There's no question that Tiger Woods has irrecoverably changed the way we look at golf. Previously ruled by stuffy old bluebloods, Tiger Woods infused the sport with a youthful energy that has attracted a much more diverse audience to the game of golf. Last year's installment in the Tiger Woods PGA Tour series reflected golf's new attitude by including colorful fictional golfers, a hip soundtrack, and a slick new visual style. Tiger Woods PGA Tour 2003 further refines this presentation, along with virtually every other facet of the game. The end result is a near-flawless game of golf that somehow manages to appeal to every breed of golfer.
The game starts off with a helpful tutorial, explaining the game's now-standard analog swing system, along with many of the other core skills you'll need to succeed in PGA Tour 2003, including draw shots, fade shots, and putting. EA Sports seems to have tinkered with the analog swing mechanics just a little bit, making it more forgiving, and making it easier to swing a straight shot. PGA Tour 2003 also includes all of the gameplay assisting mechanics introduced in 2002. You can boost the power of your swing by tapping a button while your golfer pulls back his or her club, and tapping the another button and holding a direction on the analog stick while the ball is in flight will affect the spin of the ball. These mechanics, along with the putting line, caddy tips, tap-ins and more can be disabled from the options menu, giving players the ability to adjust the level of realism in the game to their liking. The amount of customization allowed in PGA Tour 2003 makes the game significantly more accessible and enjoyable for hacks and pros alike.
As previously mentioned, the scope of Tiger Woods PGA Tour 2003 has been expanded, and this manifests in a vastly increased number of playable golfers and courses. There are now over 25 different golfers to choose from, and it's about evenly split between real-world golf pros and colorful fictional characters. The courses, however, are all faithfully rendered after 12 different world-famous greens, though, again, it'll be up to you to unlock many of them. The sheer volume of players and courses available in Tiger Woods PGA Tour 2003 gives the game even more long-term appeal than its predecessor, and this is further accentuated by the game's increased gameplay options.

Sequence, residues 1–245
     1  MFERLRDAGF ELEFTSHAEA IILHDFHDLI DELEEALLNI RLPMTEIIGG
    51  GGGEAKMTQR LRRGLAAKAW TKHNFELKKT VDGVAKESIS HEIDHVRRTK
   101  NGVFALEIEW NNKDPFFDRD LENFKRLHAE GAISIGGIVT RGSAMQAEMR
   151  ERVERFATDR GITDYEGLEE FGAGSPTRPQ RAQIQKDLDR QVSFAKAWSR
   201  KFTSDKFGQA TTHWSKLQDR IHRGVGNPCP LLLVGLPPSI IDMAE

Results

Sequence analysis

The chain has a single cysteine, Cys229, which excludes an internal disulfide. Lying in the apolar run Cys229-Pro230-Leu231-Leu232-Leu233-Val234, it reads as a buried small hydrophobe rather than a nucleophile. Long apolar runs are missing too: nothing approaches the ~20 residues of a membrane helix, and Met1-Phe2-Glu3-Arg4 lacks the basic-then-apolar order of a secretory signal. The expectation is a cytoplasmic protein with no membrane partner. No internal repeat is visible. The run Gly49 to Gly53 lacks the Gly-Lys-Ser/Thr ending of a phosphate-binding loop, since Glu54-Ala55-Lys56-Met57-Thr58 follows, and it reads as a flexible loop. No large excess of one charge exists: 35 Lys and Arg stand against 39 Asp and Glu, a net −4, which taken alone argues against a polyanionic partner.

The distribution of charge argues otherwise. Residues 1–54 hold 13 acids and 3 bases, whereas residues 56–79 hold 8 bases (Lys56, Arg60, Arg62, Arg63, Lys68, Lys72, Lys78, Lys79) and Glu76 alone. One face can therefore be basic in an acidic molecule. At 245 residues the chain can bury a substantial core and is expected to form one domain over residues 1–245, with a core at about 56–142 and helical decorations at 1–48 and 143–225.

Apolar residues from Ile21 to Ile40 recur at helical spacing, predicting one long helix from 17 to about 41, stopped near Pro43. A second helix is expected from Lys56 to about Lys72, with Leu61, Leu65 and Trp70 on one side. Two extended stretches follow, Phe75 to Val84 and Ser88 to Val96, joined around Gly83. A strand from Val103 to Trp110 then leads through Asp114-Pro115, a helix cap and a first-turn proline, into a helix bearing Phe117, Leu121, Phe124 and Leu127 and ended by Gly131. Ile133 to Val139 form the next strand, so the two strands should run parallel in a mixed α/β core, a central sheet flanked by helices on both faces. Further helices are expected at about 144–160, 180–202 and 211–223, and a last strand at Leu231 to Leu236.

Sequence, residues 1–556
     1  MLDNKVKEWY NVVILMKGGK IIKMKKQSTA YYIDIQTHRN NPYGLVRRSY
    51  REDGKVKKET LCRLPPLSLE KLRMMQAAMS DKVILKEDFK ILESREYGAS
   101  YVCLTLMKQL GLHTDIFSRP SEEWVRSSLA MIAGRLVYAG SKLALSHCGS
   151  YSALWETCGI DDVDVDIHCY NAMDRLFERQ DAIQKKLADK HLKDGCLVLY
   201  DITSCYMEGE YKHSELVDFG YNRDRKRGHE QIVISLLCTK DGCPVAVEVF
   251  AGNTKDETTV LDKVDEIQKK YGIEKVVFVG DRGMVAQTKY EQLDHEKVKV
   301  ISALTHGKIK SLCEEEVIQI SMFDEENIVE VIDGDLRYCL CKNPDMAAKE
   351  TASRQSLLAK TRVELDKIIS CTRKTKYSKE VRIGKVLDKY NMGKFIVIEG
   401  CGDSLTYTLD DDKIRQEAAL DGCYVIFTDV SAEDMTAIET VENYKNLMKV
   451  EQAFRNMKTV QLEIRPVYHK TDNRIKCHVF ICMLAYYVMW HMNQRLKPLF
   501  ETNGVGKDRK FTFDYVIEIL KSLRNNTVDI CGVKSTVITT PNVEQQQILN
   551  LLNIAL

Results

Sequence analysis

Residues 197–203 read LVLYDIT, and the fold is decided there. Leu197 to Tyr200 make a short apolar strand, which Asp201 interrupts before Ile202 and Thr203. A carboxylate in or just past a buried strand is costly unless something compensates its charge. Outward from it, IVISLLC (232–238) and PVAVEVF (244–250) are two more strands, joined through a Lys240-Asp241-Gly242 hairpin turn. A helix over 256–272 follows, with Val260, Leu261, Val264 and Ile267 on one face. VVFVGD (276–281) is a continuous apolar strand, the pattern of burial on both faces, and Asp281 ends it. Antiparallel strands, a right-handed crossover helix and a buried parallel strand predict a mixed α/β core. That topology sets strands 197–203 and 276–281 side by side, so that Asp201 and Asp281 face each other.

Though the game wears the endorsement of the PGA Tour on its sleeve, the ability to participate in this championship golf competition represents only a portion of what Tiger Woods PGA Tour 2003 has to offer. The Tiger Challenge pits the player against a series of fictional and real-world golf pros on courses modeled after real-world courses for cash prizes, which can be used to buy skill points for your golfer. Besting your opponents in the Tiger Challenge will also let you play as that character, and unlock courses. The technical difficulty of the courses you'll play on, as well as the competence of the computer AI increase very gradually in the Tiger Challenge, keeping any initial frustration a beginner might experience to a minimum. The scenario mode lets you choose from 49 different predetermined situations, such as making up for lost strokes on the back nine, dealing with exceptionally bad weather conditions, or sinking a series of birdie shots. By putting you into some of the most difficult positions you might encounter in a standard 18 holes, the scenario mode provides a good level of challenge, and can help improve specific aspects of your game.